The violinist knows he’s too young to feel this sort of terror, but there are only twenty lifeboats.

What can she do?

She raises her instrument to her shoulder and positions the bow on the strings. A sweet, soft lullaby plays through the lower deck, its low, almost sorrowful melody barely discernible over rushing water and screaming passengers. But it was there, streaming past heads and filling the air like the waves crashing and filling every nook of the ship.

The boy hears it too. He watches as each stroke of string on string sings note after note for him. As a child, he doesn’t quite understand it: the soothing pitch, the weight of each careful bar. Even so, he feels each poignant note course through his veins, through to his core, and he buries his heavy head into the violinist’s skirt. Tears and mucus smear on black fabric as he rubs his face with it. In a different situation, maybe she would push him away. But the water has reached her knees now and engulfed the boy’s shoulders.

What’s a little extra dampness going to do? A little snot? The thought barely crosses her mind.

Eventually, the orchestra takes her lead. A viola joins in, then a cello, the new instruments’ deeper voices harmonizing with the violin’s. At this point, most people have fled upstairs. The few that remain sit festering in morbid silence, leaving nothing but the mellow, mournful music of the orchestra. The sea is up to her waist now, coldness seeping into her bones, nipping at her skin. The grip on her skirt has long since disappeared. Though there is a floating body at the edge of the ship, small and pale, its face in the water. It dons a pink shirt, and from the corner of her eyes, she can see vague white stripes lining its back. She refrains from looking at that corner. 

When the water reaches her chest, the ends of her hair begin to float. With each slide of bow and string, her arm dips below the water, shivers in its cold embrace, then re-emerges, sleeve heavy and wet. The violin, too, becomes leaden on her shoulder. Sea water seeps into its holes, and its voice comes out muted and dull. There are footsteps thumping on the deck above, accompanied by muffled shouts and sobs. The despairing sounds of the upper deck overpower the stifled music, despite the endless gliding and plucking of strings. 

The violin now is too heavy to carry. It slips off her shoulder and floats away, escaping her shaky grip. Water forces itself into her mouth, imposing its salty taste onto her tongue. Her vision blurs in and out until she can’t tell if the wetness on her face are the waves or her tears.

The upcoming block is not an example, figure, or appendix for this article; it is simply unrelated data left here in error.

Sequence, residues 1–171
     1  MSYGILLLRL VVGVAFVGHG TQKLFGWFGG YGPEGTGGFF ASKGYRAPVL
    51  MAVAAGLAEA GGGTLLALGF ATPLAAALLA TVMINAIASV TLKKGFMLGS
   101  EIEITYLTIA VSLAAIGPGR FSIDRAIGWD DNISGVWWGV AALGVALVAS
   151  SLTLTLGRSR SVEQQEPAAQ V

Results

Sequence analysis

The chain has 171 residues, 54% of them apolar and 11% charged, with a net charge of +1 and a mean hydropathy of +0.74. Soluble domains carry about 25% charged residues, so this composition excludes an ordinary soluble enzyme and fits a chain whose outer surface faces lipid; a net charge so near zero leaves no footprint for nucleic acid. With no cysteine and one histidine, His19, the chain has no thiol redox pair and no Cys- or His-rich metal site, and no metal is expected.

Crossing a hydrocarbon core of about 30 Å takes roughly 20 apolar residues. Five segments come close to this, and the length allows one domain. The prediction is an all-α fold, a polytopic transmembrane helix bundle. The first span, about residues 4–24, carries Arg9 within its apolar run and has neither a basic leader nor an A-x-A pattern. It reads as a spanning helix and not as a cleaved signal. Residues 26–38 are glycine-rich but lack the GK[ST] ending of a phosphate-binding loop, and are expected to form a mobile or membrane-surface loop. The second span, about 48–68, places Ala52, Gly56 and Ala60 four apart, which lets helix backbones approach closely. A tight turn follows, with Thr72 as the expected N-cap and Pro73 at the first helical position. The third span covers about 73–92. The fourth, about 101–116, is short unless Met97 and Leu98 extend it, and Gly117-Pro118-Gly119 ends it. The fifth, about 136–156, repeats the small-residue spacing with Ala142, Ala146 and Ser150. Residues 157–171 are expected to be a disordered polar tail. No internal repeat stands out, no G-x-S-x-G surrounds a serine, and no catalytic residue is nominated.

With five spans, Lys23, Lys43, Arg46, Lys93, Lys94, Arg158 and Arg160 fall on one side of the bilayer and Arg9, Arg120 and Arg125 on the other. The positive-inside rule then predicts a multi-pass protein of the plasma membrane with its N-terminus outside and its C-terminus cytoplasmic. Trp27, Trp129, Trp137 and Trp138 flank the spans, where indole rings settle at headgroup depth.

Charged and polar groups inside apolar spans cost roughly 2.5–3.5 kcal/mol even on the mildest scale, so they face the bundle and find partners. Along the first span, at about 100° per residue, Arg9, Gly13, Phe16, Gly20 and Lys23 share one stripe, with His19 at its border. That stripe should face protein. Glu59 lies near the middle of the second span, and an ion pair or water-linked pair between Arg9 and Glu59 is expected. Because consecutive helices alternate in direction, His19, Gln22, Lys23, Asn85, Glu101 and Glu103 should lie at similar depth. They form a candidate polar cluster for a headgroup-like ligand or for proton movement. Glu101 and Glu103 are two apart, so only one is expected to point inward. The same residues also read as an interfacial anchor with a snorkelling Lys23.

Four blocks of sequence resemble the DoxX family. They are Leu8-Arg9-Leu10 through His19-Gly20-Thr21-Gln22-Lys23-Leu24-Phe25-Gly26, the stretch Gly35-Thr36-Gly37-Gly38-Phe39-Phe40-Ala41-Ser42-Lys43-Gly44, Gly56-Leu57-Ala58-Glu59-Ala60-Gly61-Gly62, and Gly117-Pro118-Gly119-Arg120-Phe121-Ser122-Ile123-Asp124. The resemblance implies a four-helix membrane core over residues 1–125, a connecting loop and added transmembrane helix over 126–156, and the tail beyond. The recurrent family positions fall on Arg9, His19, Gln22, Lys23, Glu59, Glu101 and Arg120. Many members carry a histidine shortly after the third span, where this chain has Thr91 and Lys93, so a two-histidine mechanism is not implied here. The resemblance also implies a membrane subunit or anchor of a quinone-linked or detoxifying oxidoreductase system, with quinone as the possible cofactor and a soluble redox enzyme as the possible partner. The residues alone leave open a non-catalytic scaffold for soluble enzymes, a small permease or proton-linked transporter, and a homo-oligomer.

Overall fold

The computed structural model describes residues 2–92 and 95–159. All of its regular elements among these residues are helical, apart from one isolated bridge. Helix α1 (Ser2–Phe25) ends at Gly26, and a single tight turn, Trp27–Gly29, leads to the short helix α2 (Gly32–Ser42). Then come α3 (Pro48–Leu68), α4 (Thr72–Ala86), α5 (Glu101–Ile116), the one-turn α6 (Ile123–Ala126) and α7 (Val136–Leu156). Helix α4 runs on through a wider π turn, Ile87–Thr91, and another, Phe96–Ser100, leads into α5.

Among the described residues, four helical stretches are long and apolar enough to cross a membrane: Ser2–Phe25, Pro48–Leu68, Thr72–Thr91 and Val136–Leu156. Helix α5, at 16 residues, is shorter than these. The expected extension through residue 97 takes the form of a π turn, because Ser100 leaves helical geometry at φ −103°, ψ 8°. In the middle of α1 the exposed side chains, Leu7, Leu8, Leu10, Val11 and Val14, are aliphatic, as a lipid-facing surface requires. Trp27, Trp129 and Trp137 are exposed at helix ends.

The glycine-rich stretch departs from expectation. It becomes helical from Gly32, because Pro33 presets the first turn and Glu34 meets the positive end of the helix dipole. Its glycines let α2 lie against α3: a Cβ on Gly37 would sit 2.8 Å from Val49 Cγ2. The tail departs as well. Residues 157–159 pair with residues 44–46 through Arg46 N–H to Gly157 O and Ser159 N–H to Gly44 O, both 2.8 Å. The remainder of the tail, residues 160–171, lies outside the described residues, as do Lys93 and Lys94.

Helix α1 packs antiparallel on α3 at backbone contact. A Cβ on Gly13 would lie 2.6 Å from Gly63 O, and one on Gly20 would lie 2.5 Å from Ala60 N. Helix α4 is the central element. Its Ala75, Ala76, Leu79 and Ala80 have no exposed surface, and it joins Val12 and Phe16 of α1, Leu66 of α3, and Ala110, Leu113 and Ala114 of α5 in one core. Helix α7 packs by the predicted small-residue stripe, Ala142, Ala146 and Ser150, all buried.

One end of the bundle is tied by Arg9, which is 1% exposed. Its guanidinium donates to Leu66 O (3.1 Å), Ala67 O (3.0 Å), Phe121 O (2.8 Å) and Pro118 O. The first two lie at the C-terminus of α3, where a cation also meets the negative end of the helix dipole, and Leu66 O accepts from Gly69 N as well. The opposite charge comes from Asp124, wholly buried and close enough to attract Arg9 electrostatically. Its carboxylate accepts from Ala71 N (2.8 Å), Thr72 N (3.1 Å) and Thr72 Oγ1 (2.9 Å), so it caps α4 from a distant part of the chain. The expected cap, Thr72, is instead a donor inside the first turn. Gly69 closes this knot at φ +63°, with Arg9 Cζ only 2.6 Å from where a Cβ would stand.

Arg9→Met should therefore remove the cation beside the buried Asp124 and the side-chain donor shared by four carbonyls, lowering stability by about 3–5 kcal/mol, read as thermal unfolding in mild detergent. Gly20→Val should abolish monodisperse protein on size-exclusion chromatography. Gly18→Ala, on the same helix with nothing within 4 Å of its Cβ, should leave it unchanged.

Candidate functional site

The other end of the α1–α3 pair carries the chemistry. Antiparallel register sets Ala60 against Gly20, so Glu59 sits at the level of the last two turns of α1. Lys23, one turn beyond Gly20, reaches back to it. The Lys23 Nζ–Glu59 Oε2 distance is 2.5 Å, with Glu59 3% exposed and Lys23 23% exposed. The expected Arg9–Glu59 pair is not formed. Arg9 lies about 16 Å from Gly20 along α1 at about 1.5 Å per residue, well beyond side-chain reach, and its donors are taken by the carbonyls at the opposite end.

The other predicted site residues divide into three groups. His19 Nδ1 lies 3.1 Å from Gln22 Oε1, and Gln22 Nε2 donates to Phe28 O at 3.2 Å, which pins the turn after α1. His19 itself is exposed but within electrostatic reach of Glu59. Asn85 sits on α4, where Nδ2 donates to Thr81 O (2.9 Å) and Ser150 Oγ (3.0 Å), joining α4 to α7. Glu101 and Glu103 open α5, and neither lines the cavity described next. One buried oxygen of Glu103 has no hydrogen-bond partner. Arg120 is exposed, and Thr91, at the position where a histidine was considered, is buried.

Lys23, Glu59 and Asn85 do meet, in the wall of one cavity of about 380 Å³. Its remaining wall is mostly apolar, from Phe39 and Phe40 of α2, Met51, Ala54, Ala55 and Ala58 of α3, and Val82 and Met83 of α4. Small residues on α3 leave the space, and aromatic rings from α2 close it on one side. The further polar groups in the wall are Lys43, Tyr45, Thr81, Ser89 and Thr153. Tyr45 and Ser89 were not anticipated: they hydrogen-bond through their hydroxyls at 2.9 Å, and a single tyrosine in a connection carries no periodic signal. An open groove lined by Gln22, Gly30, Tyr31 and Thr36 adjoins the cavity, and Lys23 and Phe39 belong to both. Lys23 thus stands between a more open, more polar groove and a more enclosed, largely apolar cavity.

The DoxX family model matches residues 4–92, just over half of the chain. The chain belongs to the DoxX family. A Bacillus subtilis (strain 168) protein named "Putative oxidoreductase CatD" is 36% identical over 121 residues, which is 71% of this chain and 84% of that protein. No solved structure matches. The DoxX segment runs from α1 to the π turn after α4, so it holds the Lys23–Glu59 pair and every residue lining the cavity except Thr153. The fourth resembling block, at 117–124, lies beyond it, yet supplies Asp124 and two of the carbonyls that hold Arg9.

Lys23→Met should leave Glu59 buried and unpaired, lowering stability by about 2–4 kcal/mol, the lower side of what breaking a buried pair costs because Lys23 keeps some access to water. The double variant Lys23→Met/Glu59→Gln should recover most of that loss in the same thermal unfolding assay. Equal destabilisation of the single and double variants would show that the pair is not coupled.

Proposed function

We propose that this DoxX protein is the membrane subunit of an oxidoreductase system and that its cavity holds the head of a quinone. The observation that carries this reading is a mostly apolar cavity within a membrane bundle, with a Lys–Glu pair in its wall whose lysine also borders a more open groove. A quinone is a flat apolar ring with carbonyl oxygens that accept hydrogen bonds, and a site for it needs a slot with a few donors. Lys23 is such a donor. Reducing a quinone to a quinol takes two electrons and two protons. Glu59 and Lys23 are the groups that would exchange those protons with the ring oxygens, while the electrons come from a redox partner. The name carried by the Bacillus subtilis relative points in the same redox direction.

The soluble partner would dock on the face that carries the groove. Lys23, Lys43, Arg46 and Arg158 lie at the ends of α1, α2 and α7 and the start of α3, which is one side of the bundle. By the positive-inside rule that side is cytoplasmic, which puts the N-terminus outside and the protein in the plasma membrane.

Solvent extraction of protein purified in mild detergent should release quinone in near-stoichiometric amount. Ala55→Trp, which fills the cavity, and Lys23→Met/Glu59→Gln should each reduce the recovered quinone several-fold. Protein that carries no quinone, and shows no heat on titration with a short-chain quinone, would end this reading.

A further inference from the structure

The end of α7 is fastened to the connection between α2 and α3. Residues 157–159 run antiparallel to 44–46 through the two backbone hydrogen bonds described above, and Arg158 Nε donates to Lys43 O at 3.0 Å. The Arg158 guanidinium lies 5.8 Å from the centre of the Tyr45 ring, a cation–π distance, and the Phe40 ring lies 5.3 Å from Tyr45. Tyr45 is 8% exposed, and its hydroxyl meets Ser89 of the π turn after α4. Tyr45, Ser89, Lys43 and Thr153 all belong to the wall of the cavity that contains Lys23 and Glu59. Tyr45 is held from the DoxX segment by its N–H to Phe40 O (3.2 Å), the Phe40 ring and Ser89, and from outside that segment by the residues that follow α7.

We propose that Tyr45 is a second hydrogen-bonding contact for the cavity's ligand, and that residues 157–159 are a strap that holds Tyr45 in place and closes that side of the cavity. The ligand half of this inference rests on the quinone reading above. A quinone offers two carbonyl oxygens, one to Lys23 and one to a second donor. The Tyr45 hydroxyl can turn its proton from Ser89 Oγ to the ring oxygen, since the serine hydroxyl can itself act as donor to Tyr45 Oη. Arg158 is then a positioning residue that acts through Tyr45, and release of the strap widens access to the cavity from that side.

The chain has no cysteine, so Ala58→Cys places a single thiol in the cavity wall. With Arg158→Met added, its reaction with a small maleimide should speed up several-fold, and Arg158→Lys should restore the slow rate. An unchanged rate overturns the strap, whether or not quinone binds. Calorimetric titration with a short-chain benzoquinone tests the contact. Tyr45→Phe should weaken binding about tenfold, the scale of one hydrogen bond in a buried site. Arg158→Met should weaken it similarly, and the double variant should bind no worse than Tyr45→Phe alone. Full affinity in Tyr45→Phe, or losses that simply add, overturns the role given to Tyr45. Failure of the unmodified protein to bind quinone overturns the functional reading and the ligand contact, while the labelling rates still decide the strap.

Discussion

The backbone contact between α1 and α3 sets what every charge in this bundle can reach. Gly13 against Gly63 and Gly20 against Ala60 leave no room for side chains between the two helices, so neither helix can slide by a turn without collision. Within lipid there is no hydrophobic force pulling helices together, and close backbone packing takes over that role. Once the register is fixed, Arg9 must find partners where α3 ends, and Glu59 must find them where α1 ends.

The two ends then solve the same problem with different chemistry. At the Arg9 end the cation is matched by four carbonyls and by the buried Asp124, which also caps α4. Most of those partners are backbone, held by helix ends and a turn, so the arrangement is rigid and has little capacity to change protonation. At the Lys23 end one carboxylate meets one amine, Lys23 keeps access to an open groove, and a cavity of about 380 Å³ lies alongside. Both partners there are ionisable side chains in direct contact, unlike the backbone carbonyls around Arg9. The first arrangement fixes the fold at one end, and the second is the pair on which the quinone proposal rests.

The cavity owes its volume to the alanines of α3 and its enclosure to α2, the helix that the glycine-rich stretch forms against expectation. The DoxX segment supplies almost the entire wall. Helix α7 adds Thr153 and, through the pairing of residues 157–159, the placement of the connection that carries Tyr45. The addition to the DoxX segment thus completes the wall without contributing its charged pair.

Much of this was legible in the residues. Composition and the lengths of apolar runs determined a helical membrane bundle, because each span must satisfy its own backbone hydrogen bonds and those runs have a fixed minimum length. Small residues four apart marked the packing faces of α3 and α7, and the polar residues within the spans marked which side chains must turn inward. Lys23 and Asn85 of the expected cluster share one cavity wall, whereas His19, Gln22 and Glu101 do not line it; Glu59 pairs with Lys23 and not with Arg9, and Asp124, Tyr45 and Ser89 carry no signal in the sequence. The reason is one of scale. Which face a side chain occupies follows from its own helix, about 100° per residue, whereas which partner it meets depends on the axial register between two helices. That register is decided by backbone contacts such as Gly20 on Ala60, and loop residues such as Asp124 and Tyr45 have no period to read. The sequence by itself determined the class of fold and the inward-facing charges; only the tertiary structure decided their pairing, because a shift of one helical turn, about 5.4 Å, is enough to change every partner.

Her body becomes light. The trembling stops. 

The water is black, but an open door somewhere illuminates its dark waves. Even as her nose dips under, she watches the glow light up the sea like a star. She looks up for a glimpse of the real stars, but her eyes are met with wood.

Ah, she remembers, as the water fills her lungs. 

The sky is not visible from below the deck. 

This next example really is stunning. The student, Isabella Montano-Freeman wanted to explore thoughts about transferring between different worlds. What impressed me most about this piece was the precison in the language used and the way that she described settings and characters so effectively.

As a child, my mother would tell me stories about otherworldly beings that would send their children to be raised on earth, in the hopes that the two worlds could forge a closer connection. To most, these were just myths, but to the small village I grew up in they couldn’t have been more real. The air was vibrant and swirling with magic that came from pure, unfaltering belief, weaving hope and ambition into otherwise ordinary conversations. I kept these stories locked in a corner of my heart so that they might be preserved for when I needed them most. Though I did not know why or how, I knew that those stories would play an important role in my life.